Check it out…
Nora is a graduate of (the) Ohio State University. Yes, I know, but we still let her in the building. She is our third female Chemical Engineer intern this summer!
Characterization and degradation studies of redox-active organic heterocycles
Nora Shaheen, Nick Mortimer, Shane Mann, and Dr. Thomas Guarr
Protecting batteries from overcharging is critical to prolonging the battery lifetime and preventing dangerous thermal runaway events. Redox shuttles are electrolyte additives that reduce the risk of such events, and therefore help make batteries safer for use. While a myriad of redox shuttles exist, this study focuses predominantly on 9-methyl-3,6-di(t-butyl)carbazole, and 10-methyl-3,7-di(t-butyl)phenothiazine-5,5-dioxide. These heterocycles have shown to be efficient redox shuttles, but further studies into 1) solubility in the desired electrolyte, 2) mass transfer characteristics and limitations, and 3) stability under normal use conditions are necessary. Rotating Disk Electrode (RDE) was used to study the diffusion coefficients of phenothiazine-5,5-dioxides with various N-substituents. Ion Trap Mass Spectrometry (MS) was used to study the gas-phase fragmentation patterns of deuterium-labeled derivatives of these compounds. Lastly, the chemical stability of oxidized 10-methyl-3,7-di(t-butyl)phenothiazine-5,5-dioxide was examined using UV-Vis. The compound was oxidized using bulk electrolysis and through chemical oxidation; preliminary data indicates there are minimal changes in the optical spectrum over time. Further studies are necessary to determine the long-term stability of the oxidized material.
Nora is attending Chemical Engineering graduate school at Case Western Reserve University this fall. We wish her the best and we know she will be amazing.
Bridget is another Chemical Engineer intern this summer from Michigan Technological University. Go Huskies! Bridget performed a great economic analysis of our redox flow battery.
Techno-economic analysis of a nonaqueous redox flow battery with a simple separator.
Bridget O’Connell, Dr. Andre Benard, Korey Cook, Dr. Tom Guarr, Shane Mann
Energy storage is critical for electricity grids that are comprised of intermittent energy sources. Redox flow batteries (RFB) represent a promising method for energy storage and power generation that can be reliable. However, current RFBs lack the capability to meet the demanding $100/kWh requirement established by the Department of Energy (DOE). In this presentation, economic prospects of achievable future cost projections are discussed with the aid of equations and experimental data.
Despite higher chemical costs, employing a chemical system that uses a simple separator, and the implementation of a two-electron transfer system, has reduced the overall capital cost per kWh by 28%. With these changes, the RFB meets the DOE’s target with an overall capital cost of $100.41/kWh. This battery exceeds the DOE’s target of $0.05/kWh for the levelized cost of storage.
Future chemical permutations will be dedicated to reducing molecular weight and material costs. In the end, the impact of these alterations on the overall capital cost per kilowatt-hour, and the LCOS, will drive future research.
Bridget is also returning to MTU and soon will be studying abroad in Chile. (I’m pretty sure I have that right). Thank you for your time this summer Bridget, and thank you for showing that our batteries are economically viable and ready for scale-up!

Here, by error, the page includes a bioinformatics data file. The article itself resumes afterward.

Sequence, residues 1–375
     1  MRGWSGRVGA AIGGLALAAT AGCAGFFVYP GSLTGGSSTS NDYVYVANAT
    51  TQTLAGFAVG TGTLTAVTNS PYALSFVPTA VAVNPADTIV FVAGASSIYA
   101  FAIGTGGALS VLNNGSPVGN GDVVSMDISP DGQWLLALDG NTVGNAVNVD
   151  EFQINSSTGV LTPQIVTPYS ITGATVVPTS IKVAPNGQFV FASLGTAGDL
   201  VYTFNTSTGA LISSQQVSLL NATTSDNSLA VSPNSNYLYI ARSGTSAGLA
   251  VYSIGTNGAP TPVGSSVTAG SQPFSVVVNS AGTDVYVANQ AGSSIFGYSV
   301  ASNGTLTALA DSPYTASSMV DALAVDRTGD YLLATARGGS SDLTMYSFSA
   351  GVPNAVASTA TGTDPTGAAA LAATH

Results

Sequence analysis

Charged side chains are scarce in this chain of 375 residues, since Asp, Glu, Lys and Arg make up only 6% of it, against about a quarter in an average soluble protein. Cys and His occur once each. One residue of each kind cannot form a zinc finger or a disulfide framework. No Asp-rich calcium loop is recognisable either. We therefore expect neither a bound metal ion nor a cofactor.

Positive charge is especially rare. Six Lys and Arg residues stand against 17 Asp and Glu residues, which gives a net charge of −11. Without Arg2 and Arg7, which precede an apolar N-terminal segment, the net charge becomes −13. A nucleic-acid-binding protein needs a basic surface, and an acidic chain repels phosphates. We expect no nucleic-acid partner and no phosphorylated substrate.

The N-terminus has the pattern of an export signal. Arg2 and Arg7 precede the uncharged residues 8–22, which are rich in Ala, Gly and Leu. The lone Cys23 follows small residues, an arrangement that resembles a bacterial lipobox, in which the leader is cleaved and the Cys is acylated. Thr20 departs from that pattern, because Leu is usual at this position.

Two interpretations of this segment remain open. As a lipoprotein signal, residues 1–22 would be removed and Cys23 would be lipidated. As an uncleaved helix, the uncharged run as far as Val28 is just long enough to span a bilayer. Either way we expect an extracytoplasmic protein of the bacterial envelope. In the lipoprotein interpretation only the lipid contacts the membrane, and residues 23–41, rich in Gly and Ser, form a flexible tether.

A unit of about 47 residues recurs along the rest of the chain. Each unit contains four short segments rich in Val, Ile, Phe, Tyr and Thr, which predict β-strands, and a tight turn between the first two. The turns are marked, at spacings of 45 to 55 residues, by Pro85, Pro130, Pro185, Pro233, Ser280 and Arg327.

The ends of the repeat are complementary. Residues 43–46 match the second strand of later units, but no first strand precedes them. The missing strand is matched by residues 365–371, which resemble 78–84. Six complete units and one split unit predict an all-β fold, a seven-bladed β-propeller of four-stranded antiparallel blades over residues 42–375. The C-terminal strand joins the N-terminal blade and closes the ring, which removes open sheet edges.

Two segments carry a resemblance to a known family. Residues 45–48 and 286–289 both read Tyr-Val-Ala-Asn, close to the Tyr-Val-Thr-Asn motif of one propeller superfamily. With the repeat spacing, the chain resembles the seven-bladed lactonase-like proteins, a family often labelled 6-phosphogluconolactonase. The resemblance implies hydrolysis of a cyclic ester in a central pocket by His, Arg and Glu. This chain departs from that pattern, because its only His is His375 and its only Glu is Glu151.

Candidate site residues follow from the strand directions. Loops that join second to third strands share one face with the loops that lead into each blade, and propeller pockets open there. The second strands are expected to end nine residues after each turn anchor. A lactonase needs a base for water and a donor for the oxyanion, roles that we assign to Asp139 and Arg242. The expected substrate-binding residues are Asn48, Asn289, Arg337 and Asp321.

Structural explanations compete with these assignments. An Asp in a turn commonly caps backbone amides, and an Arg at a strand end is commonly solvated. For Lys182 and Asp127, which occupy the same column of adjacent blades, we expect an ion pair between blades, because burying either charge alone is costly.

Over the next few weeks we will be highlighting our summer interns. We had a great summer and we want to thank those that joined us and highlight their accomplishments.
Brittney is a (sophomore!) Chemical Engineering student at Michigan Technological University. She was very busy this summer synthesizing lots of compounds.
Synthesis of phenylene-bridged bispyridine derivatives
Brittney Duford, Shane Mann, Nick Mortimer, Dr. Thomas Guarr
Numerous substituted phenylene-bridged bispyridine derivatives were synthesized as a method of improving solubility and electroactivity of compounds prepared from these materials. Such compounds are used as redox-active materials in redox flow batteries. Redox flow batteries show promise to better our ability to store large amounts of energy, as long as the compounds within the battery’s electrolyte solution are stable, have high energy densities, and maintain low production costs. Improved solubility and electroactivity was achieved by adding methyl substituents to the phenyl group and changing the orientation of the pyridine groups in relation to each other. Five different derivatives were synthesized via a double Suzuki coupling process followed by N-methylation. Each was characterized by NMR and cyclic voltammetry. Characterization showed increased solubility and better electroactivity for some derivatives. The improved derivatives will be incorporated into linked systems previously developed for electrolyte solutions in redox flow batteries. The linked systems will then be compared to previous linked systems and tested for stability.
Brittney is returning to MTU this fall. Thanks for joining us and thanks for working so hard this summer. Your future is bright. Stay warm in Houghton!
Once again, we are grateful for our friends at Hope College and their generous offer to allow our interns to present their posters at the 2018 Hope College research symposium on July 13. Brittney Duford, Bridget O’Connell and Nora Shaheen presented their posters representing the research they have completed during the summer here at the Organic Energy Storage Laboratory.
More information on our interns, their research and their posters coming soon.
Tom was interviewed by Scott Pohl from WKAR, an NPR station, about his cutting-edge work with battery energy storage and battery over-charge prevention.
Take a listen!